Once the Arizona Board of Nursing receives all the necessary documents and statements, as well as any evidence, the Board will review the case and vote on a decision. The Board of Nursing members may also choose to close the case or file formal charges. If they file formal charges (for instance, due to the denial of a nurse’s application for licensure), they will refer the investigation to an administrative hearing. This Arizona Nursing Board Appeals and hearing is then held in front of an administrative law judge at the Arizona Office of Administrative Hearings.
Arizona Board of Nursing Disciplinary Actions
If the Board determines formal disciplinary action is necessary (for instance, failing to report a misdemeanor charge or conviction), it will happen after the completion of an investigation. It’s the job of the Board to review any complaint alleging a violation within the scope of the Arizona Nurse Practice Act. Thus, at an Arizona Nursing Board meeting, the Board will vote to determine the outcome of each investigation. The Board (they do not utilize a disciplinary committee) can vote on a non-disciplinary outcome (which is not generally public) or vote to offer the nurse formal discipline, such as:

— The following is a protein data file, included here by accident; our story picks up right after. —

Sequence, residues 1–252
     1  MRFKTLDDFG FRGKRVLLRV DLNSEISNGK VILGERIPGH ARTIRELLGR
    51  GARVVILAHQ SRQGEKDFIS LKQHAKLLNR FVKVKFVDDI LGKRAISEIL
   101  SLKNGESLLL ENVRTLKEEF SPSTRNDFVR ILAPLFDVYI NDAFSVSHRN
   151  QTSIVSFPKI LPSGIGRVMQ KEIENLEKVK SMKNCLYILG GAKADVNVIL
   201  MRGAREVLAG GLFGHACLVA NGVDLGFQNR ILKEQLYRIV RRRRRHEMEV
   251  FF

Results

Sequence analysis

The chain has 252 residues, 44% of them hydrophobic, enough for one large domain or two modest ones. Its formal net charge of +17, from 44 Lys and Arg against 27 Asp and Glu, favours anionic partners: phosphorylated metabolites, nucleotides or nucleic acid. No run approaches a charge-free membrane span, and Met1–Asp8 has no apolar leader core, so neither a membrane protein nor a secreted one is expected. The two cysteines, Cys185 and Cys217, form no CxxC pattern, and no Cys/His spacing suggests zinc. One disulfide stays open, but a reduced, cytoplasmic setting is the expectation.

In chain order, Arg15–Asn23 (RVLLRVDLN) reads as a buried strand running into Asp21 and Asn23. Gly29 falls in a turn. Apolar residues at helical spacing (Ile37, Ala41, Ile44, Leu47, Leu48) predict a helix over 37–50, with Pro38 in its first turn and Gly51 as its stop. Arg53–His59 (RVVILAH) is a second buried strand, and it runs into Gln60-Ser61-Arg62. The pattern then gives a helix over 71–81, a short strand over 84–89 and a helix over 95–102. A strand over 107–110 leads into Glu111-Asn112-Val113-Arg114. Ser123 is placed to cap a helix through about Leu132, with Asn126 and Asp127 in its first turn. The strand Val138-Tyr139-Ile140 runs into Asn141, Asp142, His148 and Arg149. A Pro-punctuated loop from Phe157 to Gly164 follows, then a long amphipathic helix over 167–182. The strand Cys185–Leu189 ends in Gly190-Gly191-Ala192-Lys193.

- CASE DISMISSAL: The Aizona State Board of Nursing may dismiss a case if they determine there wasn’t a violation of the Arizona Nurse Practice Act.
- LETTER OF CONCERN: A letter from the Board expressing concern the nurse’s conduct wasn’t ideal. However, the conduct doesn’t necessarily violate the Nurse Practice Act.
- ADMINISTRATIVE PENALTY: The board may impose an administrative penalty to nurses of no more than $1,000.